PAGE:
I want to heat a piece of steel (~40 kg) in a muffle until I bring it to a uniform temperature. The idea is to preheat the muffle to a certain temperature and then place the piece in it and wait for it to get in thermal equilibrium.

The specific heat equation $Q = cm\Delta T$, tells me how much energy is necessary to increase the temperature of my part, and I guess I can use the convection equation, $\dot Q = hA\Delta T$, to compute how much time does it take to transfer that much energy into my part...

Would that be enough? Or should I also calculate the diffusion of heat inside my part. How can I estimate the heat transfer coefficient $h$?

  • $\begingroup$ Relevant?: physics.stackexchange.com/questions/371939/… $\endgroup$ – Keith McClary Oct 17 '18 at 0:44
  • $\begingroup$ It is hard to predict $h$ with any accuracy. What is the temperature? At some point, radiation becomes more important than convection. $\endgroup$ – Pieter Oct 27 '18 at 18:08
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    $\begingroup$ @Pieter The temperature is 300 °C $\endgroup$ – user190081 Oct 29 '18 at 13:48
  • $\begingroup$ That is a radiative intensity of 6 kW/m² in a black-body oven. $\endgroup$ – Pieter Oct 29 '18 at 14:54

I recommend you to look at the Biot number of your problem. It is a dimesionless number given by : Bi = Lc*h/k (where Lc is a characteristic length of your problem and k the conductivity of your material)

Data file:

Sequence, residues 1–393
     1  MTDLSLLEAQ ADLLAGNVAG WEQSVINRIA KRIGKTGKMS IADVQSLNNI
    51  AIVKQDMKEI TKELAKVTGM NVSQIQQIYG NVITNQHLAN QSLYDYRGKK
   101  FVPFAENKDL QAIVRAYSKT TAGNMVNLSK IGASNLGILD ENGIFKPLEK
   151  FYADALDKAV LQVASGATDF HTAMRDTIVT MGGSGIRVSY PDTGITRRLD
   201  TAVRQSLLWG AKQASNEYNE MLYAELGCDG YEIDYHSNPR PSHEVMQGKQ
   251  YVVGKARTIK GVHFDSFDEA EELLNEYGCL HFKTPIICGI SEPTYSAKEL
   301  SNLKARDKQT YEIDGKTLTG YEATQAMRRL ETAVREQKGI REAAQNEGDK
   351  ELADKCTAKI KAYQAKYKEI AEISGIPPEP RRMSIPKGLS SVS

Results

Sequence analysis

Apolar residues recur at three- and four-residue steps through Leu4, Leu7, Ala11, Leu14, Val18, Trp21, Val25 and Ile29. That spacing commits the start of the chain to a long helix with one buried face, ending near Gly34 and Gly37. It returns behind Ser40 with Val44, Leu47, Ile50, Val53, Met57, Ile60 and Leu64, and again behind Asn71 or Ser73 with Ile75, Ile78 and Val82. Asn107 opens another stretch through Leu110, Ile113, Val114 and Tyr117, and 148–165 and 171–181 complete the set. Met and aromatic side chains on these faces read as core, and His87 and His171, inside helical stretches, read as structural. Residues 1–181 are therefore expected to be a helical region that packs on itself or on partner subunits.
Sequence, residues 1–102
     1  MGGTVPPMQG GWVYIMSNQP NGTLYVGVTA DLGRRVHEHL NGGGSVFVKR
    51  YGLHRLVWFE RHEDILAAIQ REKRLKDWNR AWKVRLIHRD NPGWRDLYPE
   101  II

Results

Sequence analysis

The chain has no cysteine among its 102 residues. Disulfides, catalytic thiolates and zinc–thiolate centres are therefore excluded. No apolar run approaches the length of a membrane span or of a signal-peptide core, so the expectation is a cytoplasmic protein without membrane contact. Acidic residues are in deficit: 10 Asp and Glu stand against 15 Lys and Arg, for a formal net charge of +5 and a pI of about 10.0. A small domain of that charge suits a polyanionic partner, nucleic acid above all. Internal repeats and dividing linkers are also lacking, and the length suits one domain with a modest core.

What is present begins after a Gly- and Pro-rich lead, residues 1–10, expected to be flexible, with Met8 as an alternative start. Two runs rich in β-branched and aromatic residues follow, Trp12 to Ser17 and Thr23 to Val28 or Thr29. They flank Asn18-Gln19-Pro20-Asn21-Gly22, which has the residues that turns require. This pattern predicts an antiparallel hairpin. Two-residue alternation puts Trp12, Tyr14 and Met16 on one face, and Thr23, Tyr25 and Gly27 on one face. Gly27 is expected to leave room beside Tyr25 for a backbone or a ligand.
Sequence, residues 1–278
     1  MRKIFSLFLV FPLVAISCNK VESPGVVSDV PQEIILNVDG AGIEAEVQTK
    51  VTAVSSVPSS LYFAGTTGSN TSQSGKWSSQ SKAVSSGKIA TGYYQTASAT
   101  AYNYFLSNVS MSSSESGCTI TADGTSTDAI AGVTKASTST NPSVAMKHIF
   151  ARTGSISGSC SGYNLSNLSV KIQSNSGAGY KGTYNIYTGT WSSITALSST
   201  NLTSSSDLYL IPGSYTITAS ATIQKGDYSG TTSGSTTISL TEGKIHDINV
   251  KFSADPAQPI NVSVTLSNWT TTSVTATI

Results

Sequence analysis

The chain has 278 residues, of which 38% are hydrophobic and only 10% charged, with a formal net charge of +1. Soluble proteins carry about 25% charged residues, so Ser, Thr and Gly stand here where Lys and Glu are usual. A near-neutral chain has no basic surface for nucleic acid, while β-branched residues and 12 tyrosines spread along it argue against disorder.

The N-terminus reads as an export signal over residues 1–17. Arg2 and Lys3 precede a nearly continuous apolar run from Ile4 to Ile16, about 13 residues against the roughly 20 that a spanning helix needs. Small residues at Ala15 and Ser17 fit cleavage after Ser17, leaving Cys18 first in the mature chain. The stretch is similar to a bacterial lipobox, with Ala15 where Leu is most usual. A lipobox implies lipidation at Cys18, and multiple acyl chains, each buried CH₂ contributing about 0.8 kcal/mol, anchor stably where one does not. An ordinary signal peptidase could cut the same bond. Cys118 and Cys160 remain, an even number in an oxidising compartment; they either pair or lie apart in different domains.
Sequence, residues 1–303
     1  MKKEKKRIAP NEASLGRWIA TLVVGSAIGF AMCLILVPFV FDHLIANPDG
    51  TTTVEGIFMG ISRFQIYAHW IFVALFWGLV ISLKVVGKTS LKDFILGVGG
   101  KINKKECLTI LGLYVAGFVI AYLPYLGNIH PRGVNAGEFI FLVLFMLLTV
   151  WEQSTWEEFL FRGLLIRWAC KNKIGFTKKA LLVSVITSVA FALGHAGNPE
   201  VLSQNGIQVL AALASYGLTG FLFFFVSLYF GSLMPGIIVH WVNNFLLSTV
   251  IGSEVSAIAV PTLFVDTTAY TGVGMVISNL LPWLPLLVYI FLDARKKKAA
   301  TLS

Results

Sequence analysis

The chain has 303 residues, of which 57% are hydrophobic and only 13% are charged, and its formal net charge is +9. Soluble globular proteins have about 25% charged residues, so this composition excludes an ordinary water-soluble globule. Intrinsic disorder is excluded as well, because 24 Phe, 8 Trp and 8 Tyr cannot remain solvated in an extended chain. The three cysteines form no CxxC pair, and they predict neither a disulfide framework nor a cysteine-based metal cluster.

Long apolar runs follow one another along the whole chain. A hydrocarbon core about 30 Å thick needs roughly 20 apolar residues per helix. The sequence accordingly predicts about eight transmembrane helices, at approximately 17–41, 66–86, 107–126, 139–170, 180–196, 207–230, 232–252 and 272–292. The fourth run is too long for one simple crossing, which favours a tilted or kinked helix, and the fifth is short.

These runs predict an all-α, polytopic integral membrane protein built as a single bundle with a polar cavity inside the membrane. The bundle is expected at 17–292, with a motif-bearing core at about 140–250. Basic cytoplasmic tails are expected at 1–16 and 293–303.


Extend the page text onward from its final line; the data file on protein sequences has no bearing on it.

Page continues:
It is very useful to operate great simplifications in thermal transfer problems such as yours. It basically computes the ratio of "how fast you transfer heat to the surface" to "how fast you transfer heat inside the material".

A small Biot number (Bi<<1, tipically Bi<0.1) implies that you have a "thermally thin" body, which means that the heat diffusion process inside will occur much faster than the one to the surface. In this case, you can consider your piece of metal to be homogeneous in temperature for your problem.

In case your Biot number is big (Bi~1), then you should take into account internal diffusion, and model the inside of your material. The estimation of h can be done as proposed by pentane. This kind of measurement is anyway very common, and I think that a quick internet search on engineering websites will give you a whole variety of procedures you can pick from.

Hope that helped !


Assuming a relatively small piece of steel, the temperature at the surface of the metal will be the temperature of the bulk in less than a minute. No need to calculate conduction of heat inside your part unless you want the answer down to the second.

You can estimate $h$ by measuring the temperature of the steel after and before a certain amount of time in the muffle-- do this many times. Create a plot of the data, draw a linear fit, and the slope will be $h$.

  • $\begingroup$ Thanks for the answer. I must clarify that my part is rather big (~40 kg), so I dont think that I can make the assumption that the temperature inside is the same that the surface temperature at a given time. $\endgroup$ – user190081 Oct 22 '18 at 15:53

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